#4 posted 03-19-2011 03:18 AM

Lee, thanks. I went to OWWM but they had nothing about Holtzapffel.

-- The more I learn, the more I realize I don't know. Ron, Crossville Tn

View ornamentalturner's profile

ornamentalturner

2 posts in 2082 days


#5 posted 03-25-2011 02:15 AM

Hi. You have parts of a Holtzapffel lathe. I am sorry to tell you that it is not a valuable one, but if you tell me the number, I can tell you the date it was first sold, the name of the buyer and the price. By the look of it I guess it was made around 1830 (the number is on the face of the headstock in your final photograph but not in focus so I can’t read it). The headstock pulley has been replaced with a modern (1930’s) flat pulley and the handwheel on the tailstock is a replacement. It is not an ornamental turning lathe but what was called a 5” Common lathe and was used for hand-turning. If you want to know a bit about ornamental turning and see what a Holtzapffel OT lathe looks like go to my website: http://www.ornamentalturning.co.uk
Best Wishes
John Edwards

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rmoore

325 posts in 2097 days


#6 posted 03-28-2011 03:01 AM

ornamentalturner, I checked on my lathe and found the number. It was on the tailstock and is 1516. The headstock reads “HOLTZAPFFEL & CO CHARING CROSS LONDON”. Thanks for the info and help. I stumbled across your website while researching my lathe. Unbelievably beautiful stuff!!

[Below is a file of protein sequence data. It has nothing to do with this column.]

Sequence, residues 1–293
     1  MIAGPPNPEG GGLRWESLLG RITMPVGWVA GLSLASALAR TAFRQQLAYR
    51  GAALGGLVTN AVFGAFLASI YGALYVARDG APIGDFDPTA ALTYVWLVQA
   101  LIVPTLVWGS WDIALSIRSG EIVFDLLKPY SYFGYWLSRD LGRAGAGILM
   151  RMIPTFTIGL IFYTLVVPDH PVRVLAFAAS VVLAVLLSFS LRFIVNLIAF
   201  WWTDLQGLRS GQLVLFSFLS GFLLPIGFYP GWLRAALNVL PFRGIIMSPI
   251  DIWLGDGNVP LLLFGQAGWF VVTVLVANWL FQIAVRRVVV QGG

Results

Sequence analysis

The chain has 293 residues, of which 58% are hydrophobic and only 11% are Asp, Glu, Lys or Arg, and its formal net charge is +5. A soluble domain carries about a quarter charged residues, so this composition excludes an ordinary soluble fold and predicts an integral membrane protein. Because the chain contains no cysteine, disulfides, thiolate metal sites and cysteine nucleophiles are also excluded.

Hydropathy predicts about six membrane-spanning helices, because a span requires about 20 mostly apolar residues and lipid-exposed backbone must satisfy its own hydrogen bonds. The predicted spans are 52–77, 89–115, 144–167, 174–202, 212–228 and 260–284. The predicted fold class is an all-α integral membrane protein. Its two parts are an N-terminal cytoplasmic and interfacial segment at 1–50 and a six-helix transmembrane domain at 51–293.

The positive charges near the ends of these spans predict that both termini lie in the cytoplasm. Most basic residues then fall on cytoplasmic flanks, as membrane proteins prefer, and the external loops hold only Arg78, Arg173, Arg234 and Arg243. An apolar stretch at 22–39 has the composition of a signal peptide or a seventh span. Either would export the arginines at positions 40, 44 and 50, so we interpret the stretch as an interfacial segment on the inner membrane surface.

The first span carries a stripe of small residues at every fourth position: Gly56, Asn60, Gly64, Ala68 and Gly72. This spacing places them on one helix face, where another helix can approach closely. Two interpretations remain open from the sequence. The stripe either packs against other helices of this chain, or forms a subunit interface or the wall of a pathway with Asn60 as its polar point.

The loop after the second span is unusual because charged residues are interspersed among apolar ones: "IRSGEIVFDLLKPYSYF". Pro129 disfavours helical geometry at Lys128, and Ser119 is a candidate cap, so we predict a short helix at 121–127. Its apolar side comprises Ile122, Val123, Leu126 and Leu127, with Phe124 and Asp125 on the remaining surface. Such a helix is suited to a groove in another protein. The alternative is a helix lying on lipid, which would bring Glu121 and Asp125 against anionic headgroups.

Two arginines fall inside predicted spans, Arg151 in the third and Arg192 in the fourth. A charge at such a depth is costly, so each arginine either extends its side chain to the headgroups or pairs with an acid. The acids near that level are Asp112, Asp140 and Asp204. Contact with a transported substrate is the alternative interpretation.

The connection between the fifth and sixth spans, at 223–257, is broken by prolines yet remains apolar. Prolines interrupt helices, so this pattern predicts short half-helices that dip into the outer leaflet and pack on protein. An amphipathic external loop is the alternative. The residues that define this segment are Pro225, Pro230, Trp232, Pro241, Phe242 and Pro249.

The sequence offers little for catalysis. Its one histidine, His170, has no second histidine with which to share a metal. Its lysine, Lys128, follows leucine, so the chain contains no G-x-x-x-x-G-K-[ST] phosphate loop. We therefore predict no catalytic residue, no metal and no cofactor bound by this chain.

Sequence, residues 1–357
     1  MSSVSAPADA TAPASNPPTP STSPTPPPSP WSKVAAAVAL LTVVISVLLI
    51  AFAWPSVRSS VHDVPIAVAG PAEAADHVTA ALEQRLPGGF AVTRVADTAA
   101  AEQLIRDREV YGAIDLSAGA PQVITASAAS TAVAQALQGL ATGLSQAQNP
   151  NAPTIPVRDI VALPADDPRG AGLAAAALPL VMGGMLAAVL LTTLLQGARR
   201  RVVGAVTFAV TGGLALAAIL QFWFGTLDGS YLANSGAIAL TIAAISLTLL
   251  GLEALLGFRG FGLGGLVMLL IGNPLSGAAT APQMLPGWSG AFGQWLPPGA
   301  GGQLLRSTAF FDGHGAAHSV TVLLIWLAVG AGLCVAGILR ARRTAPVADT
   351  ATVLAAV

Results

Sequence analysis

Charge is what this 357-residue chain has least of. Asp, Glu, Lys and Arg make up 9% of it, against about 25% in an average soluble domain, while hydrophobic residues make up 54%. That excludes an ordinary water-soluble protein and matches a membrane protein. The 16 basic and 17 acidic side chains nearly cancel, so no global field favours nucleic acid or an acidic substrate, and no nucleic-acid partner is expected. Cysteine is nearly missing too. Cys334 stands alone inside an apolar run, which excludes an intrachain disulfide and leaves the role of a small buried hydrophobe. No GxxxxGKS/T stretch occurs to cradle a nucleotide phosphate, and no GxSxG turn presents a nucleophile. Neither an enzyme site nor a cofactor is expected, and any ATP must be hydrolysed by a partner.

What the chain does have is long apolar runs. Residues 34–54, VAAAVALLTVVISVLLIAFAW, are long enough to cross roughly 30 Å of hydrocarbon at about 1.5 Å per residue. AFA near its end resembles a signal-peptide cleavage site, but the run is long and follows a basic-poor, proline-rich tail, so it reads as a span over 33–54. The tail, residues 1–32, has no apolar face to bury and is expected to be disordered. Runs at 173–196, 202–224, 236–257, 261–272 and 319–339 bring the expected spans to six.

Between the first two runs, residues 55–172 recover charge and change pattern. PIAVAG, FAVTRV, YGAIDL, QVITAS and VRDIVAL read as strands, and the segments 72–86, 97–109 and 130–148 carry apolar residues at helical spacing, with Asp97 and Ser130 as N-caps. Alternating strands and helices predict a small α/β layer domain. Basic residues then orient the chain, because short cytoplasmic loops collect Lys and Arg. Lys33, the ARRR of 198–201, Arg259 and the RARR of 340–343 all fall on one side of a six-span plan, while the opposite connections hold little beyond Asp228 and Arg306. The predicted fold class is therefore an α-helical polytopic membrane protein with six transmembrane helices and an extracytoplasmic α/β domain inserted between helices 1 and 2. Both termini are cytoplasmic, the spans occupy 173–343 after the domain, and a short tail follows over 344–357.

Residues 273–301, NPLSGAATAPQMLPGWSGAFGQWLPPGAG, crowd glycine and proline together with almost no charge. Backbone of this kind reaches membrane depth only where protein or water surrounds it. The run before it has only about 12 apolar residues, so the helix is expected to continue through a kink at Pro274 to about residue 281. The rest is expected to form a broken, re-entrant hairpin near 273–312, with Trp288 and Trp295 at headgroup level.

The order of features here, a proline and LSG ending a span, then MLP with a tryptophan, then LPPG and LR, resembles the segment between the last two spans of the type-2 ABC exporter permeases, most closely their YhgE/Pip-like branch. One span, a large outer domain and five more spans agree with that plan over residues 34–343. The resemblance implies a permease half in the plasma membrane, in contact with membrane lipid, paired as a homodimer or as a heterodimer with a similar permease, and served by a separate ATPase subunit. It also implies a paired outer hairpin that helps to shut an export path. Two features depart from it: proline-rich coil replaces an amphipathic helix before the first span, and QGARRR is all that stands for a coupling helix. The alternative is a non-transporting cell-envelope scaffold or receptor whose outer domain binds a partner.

-- The more I learn, the more I realize I don't know. Ron, Crossville Tn

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ornamentalturner

2 posts in 2082 days


#7 posted 04-03-2011 03:12 PM

Hi Ron.
Your lathe No.1516 was originally sold on 18th April 1832 to a Mr Spare for £6 (about $24 in those days). It was described as a 5” Common and for that price it would have been not much more than you have got now except it would have been mounted on a beech frame, which by now would have been destroyed by woodworm and probably burnt. Unfortunately there is no information on later owners. Incidentally, in case you were not aware, the iron plate with holes of various sizes is a ‘boring collar’ (also known as a ‘cone plate’). If you want to bore deeply into the end of a cylinder, you first support it by the tailstock then chamfer the end so it will fit one of the chamfered holes in the boring collar, then you remove the tailstock and support the cylinder with the boring collar. Then you can bore into the cylinder without risk of knocking it out of the chuck.